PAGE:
Monday, August 30, 2010

Bathroom Makeover: The Vanity Cabinet of Guest Bath One


Let's get back to the bath.  My next project in this guest bath is the vanity cabinet.  It started out as your typical stained and varnished red oak.  This piece had turned turned very red-orange-like self tanner!

I cleaned the surface with TSP, did a light sand with 220 grit paper, and wiped it off with a damp cloth.  Next I used a Stain-blocking primer.  Setcoat is not a stain-blocker.  In the past 6 months, we have noticed a change in the reaction between pigmented shellac and Setcoat.  The shellac is not curing enough to the substrate and turns gummy when the Setcoat is applied. This happens in less then 10% of jobs but is enough for us to be concerned.  I have successfully used both Zinsser Water-Based Matte Primer and Bin 1,2,3, Water-based Primer under my Setcoat. For this project, I used the Matte Primer and could apply my next coat within an hour.
I rolled and brushed the primer. It didn't need to be pretty because my next coat is a low texture.
I tint Master Finishing Medium with Dark Brown Setcoat and stipple it with plastic. MFM is a gold label product that we use for several purposes and introduce in our Cabinetry I class. It makes a very hard but low relief texture.  MFM sands well to remove rough tips-you want furniture, even those with a texture, to feel smooth.
I rolled an additional layer of Setcoat because I wanted the color to be solid.  The Primer, MFM, and additional Setcoat layers may be applied in the same day. If you are unsure about bonding, always do a light sand between coats. On day 2, I rolled Wunda Size 100% over the surface and let it tack up over an hour.  The foil will off-load better if the size sets up longer.  I applied a new color of foil, pale gold, 100% over the surface.  Since there is a texture, you will still some the brown under the foil.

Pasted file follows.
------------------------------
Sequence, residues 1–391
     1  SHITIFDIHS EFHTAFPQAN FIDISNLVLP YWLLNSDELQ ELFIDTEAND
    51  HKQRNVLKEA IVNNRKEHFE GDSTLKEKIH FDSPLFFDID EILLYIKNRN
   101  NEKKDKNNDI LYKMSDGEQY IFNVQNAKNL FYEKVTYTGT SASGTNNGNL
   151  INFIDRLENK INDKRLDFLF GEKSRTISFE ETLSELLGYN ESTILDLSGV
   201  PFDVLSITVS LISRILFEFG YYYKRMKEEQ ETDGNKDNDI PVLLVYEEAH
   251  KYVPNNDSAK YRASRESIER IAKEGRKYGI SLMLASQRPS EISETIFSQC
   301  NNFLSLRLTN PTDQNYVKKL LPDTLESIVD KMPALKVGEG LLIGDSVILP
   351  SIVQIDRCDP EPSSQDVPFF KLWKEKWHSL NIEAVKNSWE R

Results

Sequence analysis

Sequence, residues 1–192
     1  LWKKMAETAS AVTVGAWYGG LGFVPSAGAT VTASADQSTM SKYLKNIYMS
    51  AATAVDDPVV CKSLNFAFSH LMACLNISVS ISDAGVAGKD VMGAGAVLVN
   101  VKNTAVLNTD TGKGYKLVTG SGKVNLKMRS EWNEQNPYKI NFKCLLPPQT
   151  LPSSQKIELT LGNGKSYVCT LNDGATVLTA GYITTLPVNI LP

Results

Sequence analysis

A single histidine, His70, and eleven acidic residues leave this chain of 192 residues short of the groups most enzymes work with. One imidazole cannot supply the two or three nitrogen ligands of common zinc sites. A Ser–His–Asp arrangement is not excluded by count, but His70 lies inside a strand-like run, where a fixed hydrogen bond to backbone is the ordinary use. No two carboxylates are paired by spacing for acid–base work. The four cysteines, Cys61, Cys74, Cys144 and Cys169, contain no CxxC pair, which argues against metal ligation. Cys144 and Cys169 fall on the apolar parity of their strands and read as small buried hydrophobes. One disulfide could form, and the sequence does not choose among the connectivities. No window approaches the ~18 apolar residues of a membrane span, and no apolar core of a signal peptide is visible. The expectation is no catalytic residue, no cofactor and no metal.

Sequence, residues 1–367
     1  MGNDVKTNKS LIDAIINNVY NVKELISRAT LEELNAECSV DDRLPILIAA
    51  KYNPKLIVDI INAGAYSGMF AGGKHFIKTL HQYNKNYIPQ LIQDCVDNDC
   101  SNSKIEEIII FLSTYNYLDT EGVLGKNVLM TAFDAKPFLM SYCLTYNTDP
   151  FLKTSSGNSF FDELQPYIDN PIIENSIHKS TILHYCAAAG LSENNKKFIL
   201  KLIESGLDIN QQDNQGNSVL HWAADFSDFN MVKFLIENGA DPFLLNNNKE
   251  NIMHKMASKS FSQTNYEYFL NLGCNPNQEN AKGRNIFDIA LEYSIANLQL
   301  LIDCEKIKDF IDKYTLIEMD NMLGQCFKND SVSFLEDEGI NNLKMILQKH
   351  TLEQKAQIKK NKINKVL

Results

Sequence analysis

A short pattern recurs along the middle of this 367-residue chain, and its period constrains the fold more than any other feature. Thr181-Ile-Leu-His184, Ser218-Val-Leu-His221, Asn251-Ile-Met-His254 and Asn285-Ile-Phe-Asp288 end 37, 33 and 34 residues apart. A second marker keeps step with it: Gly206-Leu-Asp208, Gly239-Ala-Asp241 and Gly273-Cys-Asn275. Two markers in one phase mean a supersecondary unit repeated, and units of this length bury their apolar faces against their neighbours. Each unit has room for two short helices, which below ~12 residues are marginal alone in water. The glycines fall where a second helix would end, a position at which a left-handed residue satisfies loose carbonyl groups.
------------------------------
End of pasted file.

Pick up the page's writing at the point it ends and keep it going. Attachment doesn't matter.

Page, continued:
The great thing about foil is you may apply your next layer immediately.  I brushed Silver Faux Metal 100% over the foil and rubbed it down with cheesecloth so I could still the gold foil underneath.  The Faux Metal should dry overnight.
The next morning, I sanded with a fine sanding block to reveal more of the gold foil and the Dark Brown Setcoat on the highs of the texture.
You can see the foil and brown layers better in this side view.  I glazed the piece with Dark Brown Faux Color and American Walnut brushed on at the same time.  When the glaze dried, I felt the tone clashed slightly with the wall finish.  I brushed Bronze Stain and Seal 100% and softened with cheesecloth. Then I tipped the piece with Dark Brown Faux Creme Concentrate. These layers were completed in one day.
I rolled/brushed Aquaguard Gloss for my first topcoat, let it dry 1 hour, and then rolled/brushed a coat of C500 Dull. Since the wall and counter have a sheen, this needed to be a matte finish.

The greatest challenge to bath vanities is the drive time to complete the project. A cabinet this size may take only 30 minutes to 1 hour to complete each layer but you have dry time considerations.  The job might be 5 hours and spread out over 3 days. I would always try to book the whole room or another project in the house-offering a package deal is worth a few bucks to on save wasted travel time.

2 comments:

  1. Heya¡­my very first comment on your site. ,I have been reading your blog for a while and thought I would completely pop in and drop a friendly note. . It is great stuff indeed. I also wanted to ask..is there a way to subscribe to your site via email?

    Bathroom Cabinets

    ReplyDelete
  2. Heya¡­my very first comment on your site. ,I have been reading your blog for a while and thought I would completely pop in and drop a friendly note. . It is great stuff indeed. I also wanted to ask..is there a way to subscribe to your site via email?

    Bathroom Cabinets

    ReplyDelete